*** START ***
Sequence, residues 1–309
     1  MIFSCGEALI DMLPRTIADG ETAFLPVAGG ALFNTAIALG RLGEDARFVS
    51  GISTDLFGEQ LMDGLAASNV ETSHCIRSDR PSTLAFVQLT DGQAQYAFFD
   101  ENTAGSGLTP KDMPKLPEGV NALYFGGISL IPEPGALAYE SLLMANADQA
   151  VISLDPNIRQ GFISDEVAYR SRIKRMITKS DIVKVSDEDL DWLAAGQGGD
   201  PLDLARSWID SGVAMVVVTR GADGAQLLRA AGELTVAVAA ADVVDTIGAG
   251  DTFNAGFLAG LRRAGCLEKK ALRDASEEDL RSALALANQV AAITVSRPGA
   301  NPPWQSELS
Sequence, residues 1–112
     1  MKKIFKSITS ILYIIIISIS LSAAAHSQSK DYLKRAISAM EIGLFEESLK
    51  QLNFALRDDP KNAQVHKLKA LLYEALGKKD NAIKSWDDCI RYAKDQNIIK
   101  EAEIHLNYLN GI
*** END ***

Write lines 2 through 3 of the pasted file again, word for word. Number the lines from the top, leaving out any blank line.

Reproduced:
     1  MIFSCGEALI DMLPRTIADG ETAFLPVAGG ALFNTAIALG RLGEDARFVS
    51  GISTDLFGEQ LMDGLAASNV ETSHCIRSDR PSTLAFVQLT DGQAQYAFFD